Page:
The marching band, the tailgate parties, the chill in the air and even fireworks when the home team scored a touchdown — all the trappings of a perfect college football game created a magical parent’s weekend on our daughter’s university campus.
But while we mingled casually with her friends and their families, the students at Rutgers University were forced to entertain an unwelcome visitor to their campus: Grief.
Last week, Rutgers freshman Tyler Clementi learned he was unknowingly videoed while in the privacy of his dorm room engaged in a gay sexual encounter by two fellow students whom authorities say were his roommate, Dharun Ravi, and another student, Molly Wei. Mr. Ravi set up a camera in the room so that he and Miss Wei could stream the video live online, police said.
Upon learning of his exploitation, Clementi sought redress through university housing authorities, but apparently was emotionally unable to accept the public humiliation to which he had been subject. His Facebook status, “Jumping off the gw bridge sorry,” conveys in its brevity his helpless desperation.
Clementi’s tragic suicide left a heartbroken family and a bewildered community that struggles to understand why a shy, unassuming, accomplished, person was the target of such a despicable invasion of privacy.
The quick and politically expedient answer is that he was gay. Public outcry from every corner —including Secretary of Education Arne Duncan and entertainer Ellen Degeneres — has focused on the fact of his nonconforming sexuality as the reason why Clementi was targeted.
In fact, lesbian, gay, bisexual, and transgender (LGBT) advocates, employing the radical left’s go-to strategy, “Never let a crisis go to waste,” point to Clementi’s death and several other recent gay-teen suicides as proof that we must institutionalize LGBT awareness and acceptance training at every stage of a child’s education in order to prevent bullying of gay students.But the theory — that kids will cease to belittle student of non-conforming sexuality through early sensitivity training — will only put more teens and young adults at risk of bullying, depression and suicide. Kids don’t need to be taught about sexual preference. They need to be taught right from wrong.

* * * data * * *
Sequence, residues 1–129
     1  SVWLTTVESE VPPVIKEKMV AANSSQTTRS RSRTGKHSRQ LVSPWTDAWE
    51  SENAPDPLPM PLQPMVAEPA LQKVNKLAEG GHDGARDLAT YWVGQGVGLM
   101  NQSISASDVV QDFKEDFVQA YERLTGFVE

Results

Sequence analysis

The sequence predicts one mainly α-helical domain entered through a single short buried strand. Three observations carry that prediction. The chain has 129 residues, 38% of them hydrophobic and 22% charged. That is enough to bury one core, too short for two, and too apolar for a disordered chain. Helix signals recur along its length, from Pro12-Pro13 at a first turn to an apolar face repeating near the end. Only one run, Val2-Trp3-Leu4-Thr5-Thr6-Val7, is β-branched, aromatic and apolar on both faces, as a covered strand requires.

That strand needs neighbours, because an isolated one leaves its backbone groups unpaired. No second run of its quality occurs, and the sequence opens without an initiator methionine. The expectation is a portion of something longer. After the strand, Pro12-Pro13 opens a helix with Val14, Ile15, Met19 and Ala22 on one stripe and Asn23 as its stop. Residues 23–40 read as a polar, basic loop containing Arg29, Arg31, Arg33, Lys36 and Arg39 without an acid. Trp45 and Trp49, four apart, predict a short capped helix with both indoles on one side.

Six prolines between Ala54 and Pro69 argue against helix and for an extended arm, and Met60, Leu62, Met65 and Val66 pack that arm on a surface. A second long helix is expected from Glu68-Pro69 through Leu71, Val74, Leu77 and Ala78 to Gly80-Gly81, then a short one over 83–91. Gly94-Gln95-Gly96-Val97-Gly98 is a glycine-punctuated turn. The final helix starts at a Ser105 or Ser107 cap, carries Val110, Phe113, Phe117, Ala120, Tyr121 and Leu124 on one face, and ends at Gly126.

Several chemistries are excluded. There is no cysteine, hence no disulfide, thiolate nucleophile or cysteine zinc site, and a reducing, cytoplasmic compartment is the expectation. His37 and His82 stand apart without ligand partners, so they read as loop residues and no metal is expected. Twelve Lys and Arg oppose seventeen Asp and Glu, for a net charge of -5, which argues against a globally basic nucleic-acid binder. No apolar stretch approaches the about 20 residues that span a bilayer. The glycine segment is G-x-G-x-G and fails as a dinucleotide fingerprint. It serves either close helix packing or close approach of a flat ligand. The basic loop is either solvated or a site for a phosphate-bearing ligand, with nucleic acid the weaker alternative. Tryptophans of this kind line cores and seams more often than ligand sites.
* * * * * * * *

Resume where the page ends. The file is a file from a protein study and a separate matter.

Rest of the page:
I don’t believe Clementi’s roommate and another friend invaded his privacy to stream his sexual encounter online because he was gay. Early evidence suggests both students have a history of accepting gay friends and were essentially amused by Clementi’s sexuality.
They did it because they have no conscience.
The question we should be asking in the aftermath of this tragedy isn’t, “How can we protect gay students?” It’s, “What kind of person would do such a thing to another human being?”
Our hypersexual culture promotes sexual awareness and activity — for both gay and straight adolescents — far too soon. The far Left’s insistence on comprehensive sexual education isn’t protecting children and teens, but rather is promoting the emotionally powerful experience of sex to an immature and morally inept generation. Even in some elementary schools across the nation, the Left seeks to establish programs that encourage students to acknowledge homosexuality in themselves or others long before children have the maturity to do so.
This tragic story is not about a gay kid being bullied. It’s about all kids learning and conforming to a societal standard of morality, decency and civility that would result in genuine respect for others. And it’s about learning a behavior code in which the bullying of another person by invading his privacy would be unthinkable.
If we buy into the knee-jerk reaction that what’s needed is more sexual education and greater advocacy of the gay agenda, we’re selling short all kids — gay and straight. What they need instead is character education.
The right response to this appalling episode is to halt sexuality education in favor of developing in our young people the one thing that would protect every child from heartless bullying: A conscience.